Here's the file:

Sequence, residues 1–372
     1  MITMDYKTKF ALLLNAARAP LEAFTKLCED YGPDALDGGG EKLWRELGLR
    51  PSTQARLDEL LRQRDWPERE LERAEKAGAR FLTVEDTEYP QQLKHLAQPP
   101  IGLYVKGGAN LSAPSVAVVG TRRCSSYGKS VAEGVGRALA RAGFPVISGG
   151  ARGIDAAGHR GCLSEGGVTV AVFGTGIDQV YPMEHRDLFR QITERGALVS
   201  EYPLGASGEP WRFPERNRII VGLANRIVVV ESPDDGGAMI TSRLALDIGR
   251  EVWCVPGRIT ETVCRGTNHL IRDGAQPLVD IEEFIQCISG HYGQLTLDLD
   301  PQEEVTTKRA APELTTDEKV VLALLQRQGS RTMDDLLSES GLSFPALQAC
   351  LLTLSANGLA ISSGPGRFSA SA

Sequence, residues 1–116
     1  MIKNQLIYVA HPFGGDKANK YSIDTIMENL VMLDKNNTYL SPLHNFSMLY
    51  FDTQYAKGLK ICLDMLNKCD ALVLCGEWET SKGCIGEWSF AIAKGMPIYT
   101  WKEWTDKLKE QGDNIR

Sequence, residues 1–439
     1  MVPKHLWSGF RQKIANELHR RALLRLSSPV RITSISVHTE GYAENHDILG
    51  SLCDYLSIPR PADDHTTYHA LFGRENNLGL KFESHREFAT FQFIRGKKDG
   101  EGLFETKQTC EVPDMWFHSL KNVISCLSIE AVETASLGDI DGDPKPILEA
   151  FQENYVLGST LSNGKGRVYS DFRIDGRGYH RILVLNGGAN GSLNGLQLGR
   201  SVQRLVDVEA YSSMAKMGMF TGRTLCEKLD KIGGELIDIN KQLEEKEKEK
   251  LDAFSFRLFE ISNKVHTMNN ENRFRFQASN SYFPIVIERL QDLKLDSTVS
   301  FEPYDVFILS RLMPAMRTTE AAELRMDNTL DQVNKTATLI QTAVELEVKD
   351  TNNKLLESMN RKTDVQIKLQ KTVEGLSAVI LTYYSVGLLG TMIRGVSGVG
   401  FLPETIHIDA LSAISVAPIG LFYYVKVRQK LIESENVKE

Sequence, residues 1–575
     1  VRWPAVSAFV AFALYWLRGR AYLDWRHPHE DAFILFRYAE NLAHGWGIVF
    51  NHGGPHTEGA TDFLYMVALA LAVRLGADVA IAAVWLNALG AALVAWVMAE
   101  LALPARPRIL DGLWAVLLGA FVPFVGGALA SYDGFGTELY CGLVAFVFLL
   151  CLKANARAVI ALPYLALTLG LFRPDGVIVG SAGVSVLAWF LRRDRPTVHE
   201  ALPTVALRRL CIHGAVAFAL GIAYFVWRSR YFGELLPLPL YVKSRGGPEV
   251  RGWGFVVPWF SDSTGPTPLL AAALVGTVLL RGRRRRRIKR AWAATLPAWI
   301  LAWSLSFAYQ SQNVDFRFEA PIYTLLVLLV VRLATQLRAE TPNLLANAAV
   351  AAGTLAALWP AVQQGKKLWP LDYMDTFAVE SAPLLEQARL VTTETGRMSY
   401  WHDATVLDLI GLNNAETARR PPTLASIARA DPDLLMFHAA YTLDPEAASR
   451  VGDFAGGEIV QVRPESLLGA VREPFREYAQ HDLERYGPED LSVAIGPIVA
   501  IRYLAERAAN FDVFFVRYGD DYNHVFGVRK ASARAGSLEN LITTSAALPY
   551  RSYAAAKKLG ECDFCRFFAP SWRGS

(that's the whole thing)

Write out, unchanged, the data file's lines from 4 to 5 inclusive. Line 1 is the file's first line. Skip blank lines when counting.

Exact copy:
   101  IGLYVKGGAN LSAPSVAVVG TRRCSSYGKS VAEGVGRALA RAGFPVISGG
   151  ARGIDAAGHR GCLSEGGVTV AVFGTGIDQV YPMEHRDLFR QITERGALVS